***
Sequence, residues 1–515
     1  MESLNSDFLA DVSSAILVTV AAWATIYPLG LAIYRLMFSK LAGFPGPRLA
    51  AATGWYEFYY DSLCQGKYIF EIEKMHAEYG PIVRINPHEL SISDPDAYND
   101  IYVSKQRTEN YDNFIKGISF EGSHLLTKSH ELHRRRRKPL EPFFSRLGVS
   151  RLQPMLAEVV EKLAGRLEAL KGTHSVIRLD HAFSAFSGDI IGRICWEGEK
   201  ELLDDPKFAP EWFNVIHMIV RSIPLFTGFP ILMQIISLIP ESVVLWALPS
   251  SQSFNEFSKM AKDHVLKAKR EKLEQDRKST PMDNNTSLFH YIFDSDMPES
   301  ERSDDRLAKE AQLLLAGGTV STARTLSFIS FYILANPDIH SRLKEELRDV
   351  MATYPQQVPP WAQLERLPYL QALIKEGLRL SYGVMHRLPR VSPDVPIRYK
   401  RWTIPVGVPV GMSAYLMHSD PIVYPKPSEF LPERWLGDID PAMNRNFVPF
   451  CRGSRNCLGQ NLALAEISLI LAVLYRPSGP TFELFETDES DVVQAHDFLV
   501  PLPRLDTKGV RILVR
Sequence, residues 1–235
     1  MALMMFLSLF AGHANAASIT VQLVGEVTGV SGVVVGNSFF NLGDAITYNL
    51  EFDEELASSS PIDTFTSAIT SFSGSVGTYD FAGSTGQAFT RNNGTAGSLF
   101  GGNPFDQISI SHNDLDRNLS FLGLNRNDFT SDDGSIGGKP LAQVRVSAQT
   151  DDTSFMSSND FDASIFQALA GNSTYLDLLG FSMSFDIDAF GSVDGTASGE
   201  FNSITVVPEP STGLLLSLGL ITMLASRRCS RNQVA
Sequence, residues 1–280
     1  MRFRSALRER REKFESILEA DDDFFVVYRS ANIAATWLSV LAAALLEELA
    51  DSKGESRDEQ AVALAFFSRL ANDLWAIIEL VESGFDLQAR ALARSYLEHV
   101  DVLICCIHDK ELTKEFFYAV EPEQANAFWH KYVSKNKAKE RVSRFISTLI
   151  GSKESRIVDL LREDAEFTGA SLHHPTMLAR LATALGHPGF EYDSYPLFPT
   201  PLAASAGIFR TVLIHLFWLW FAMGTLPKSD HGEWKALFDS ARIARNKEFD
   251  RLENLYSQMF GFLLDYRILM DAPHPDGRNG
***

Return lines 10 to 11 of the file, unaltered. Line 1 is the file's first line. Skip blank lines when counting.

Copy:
   401  RWTIPVGVPV GMSAYLMHSD PIVYPKPSEF LPERWLGDID PAMNRNFVPF
   451  CRGSRNCLGQ NLALAEISLI LAVLYRPSGP TFELFETDES DVVQAHDFLV